## Presentation on theme: "Technician License Course Chapter 2 Radio and Electronics Fundamentals"— Presentation transcript:

Make sure you bring in lots of examples of antennas and different kinds of feed lines as examples are you are going through this lesson. Antennas, Feed lines, and Propagation

The Antenna System Antenna: Facilitates the sending of your signal to some distant station. Back to the falling magnet Feed line: Connects your station to the antenna. Test and matching equipment: Allows you to monitor antenna performance. The transmitter causes electrons to move in the antenna…creating the magnetic field, that changing magnetic field creates an electric field and away we go.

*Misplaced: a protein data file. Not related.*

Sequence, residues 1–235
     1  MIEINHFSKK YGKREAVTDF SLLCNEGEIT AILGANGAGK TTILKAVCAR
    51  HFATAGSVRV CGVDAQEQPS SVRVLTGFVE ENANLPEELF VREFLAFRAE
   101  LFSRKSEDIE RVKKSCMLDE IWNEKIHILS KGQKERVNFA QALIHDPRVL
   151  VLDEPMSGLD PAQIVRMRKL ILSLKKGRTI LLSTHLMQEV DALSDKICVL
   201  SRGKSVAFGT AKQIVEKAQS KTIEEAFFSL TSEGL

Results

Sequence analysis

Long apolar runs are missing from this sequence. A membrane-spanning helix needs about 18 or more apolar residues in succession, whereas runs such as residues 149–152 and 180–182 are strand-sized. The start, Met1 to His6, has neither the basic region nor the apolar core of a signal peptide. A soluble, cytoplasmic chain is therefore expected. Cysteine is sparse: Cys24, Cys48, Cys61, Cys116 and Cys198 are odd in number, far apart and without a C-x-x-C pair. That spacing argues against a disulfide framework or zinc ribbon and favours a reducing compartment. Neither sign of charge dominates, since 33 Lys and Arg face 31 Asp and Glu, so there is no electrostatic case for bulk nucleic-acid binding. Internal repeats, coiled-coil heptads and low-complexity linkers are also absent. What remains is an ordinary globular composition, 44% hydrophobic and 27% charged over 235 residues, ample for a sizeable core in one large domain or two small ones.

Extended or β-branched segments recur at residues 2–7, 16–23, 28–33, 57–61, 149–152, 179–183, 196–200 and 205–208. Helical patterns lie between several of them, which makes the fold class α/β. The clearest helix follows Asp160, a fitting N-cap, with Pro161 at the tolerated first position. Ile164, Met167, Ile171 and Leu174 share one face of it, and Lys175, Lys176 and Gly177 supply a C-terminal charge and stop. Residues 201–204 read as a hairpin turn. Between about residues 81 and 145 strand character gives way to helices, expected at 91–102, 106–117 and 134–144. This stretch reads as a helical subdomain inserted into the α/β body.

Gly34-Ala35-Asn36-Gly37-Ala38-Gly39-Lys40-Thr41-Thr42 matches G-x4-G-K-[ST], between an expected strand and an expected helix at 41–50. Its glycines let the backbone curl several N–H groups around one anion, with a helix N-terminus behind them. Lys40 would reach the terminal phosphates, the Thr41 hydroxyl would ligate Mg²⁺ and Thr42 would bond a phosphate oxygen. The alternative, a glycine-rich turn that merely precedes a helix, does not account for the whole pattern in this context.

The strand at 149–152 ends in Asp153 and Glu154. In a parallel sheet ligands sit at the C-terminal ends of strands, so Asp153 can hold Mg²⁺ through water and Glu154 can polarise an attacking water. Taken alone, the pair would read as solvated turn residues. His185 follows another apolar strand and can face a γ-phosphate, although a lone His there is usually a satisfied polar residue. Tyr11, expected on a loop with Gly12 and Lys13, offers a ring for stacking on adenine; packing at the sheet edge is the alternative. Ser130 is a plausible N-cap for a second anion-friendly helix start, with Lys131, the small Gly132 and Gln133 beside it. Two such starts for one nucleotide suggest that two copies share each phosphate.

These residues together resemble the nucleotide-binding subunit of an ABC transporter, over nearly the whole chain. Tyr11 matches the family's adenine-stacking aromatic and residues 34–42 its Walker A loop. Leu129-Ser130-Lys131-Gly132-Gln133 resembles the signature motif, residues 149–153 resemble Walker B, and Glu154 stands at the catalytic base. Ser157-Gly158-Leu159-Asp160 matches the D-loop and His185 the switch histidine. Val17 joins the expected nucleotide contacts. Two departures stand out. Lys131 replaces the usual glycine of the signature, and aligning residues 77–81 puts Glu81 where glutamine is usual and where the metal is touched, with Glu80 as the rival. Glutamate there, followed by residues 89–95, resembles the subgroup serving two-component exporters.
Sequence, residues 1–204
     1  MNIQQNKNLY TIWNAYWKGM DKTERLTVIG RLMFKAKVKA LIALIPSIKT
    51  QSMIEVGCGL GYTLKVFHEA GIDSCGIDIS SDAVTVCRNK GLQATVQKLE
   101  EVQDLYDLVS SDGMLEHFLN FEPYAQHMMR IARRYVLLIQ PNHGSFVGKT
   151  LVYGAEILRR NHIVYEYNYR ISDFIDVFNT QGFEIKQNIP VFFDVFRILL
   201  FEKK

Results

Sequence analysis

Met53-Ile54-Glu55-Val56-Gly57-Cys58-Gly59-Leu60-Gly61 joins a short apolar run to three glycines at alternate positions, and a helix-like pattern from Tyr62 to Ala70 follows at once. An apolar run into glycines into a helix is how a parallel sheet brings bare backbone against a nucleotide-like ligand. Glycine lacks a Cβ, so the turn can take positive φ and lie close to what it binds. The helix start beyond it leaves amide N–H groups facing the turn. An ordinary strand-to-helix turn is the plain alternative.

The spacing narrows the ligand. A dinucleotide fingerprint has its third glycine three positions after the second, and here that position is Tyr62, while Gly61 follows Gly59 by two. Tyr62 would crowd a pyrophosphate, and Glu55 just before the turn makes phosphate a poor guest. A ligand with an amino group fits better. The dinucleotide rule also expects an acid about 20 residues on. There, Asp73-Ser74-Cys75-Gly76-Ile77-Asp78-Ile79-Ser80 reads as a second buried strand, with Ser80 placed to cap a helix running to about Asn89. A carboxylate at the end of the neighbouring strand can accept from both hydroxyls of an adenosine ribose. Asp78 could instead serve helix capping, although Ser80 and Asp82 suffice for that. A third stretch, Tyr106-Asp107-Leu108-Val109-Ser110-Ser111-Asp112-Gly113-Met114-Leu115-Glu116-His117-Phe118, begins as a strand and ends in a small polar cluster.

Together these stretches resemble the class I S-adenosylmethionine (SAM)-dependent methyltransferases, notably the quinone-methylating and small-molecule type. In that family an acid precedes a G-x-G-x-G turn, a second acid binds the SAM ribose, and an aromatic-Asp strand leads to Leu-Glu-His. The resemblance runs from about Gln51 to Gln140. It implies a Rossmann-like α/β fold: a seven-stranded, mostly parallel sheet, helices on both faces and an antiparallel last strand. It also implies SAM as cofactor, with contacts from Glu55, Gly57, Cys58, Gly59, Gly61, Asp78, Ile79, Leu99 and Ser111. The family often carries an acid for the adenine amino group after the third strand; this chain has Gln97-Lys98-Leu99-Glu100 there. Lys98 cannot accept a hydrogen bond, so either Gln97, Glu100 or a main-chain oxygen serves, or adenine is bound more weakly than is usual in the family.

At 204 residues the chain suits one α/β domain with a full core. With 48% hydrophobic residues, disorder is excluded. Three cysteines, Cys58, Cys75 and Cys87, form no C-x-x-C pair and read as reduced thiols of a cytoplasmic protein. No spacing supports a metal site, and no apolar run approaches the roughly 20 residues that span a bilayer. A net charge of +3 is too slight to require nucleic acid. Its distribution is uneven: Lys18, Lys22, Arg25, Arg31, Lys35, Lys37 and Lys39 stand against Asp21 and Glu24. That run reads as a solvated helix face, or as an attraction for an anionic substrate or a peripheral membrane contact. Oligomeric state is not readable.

The Antenna (Some Vocabulary)
Driven element: Where the transmitted energy enters the antenna. Polarization: The direction of the electric field relative to the surface of the earth. Same as the physical direction Vertical Horizontal Circular The best way to cover this kind of material is to have a few antennas of various types and point out the different parts of the antenna relative to the vocabulary.

The Antenna (Some Vocabulary)